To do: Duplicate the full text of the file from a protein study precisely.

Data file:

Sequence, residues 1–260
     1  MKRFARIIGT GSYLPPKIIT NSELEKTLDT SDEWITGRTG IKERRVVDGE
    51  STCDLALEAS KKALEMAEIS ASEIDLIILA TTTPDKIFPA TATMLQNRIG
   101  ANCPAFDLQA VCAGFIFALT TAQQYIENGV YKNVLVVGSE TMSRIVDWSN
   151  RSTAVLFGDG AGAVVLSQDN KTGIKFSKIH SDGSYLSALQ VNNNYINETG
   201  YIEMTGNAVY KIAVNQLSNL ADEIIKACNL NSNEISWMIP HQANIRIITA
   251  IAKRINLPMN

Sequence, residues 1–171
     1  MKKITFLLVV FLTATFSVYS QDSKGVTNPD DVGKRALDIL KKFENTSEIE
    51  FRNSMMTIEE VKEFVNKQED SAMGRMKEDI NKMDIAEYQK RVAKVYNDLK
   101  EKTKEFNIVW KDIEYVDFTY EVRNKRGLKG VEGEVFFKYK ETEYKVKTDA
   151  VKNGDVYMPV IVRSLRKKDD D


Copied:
Sequence, residues 1–260
     1  MKRFARIIGT GSYLPPKIIT NSELEKTLDT SDEWITGRTG IKERRVVDGE
    51  STCDLALEAS KKALEMAEIS ASEIDLIILA TTTPDKIFPA TATMLQNRIG
   101  ANCPAFDLQA VCAGFIFALT TAQQYIENGV YKNVLVVGSE TMSRIVDWSN
   151  RSTAVLFGDG AGAVVLSQDN KTGIKFSKIH SDGSYLSALQ VNNNYINETG
   201  YIEMTGNAVY KIAVNQLSNL ADEIIKACNL NSNEISWMIP HQANIRIITA
   251  IAKRINLPMN

Sequence, residues 1–171
     1  MKKITFLLVV FLTATFSVYS QDSKGVTNPD DVGKRALDIL KKFENTSEIE
    51  FRNSMMTIEE VKEFVNKQED SAMGRMKEDI NKMDIAEYQK RVAKVYNDLK
   101  EKTKEFNIVW KDIEYVDFTY EVRNKRGLKG VEGEVFFKYK ETEYKVKTDA
   151  VKNGDVYMPV IVRSLRKKDD D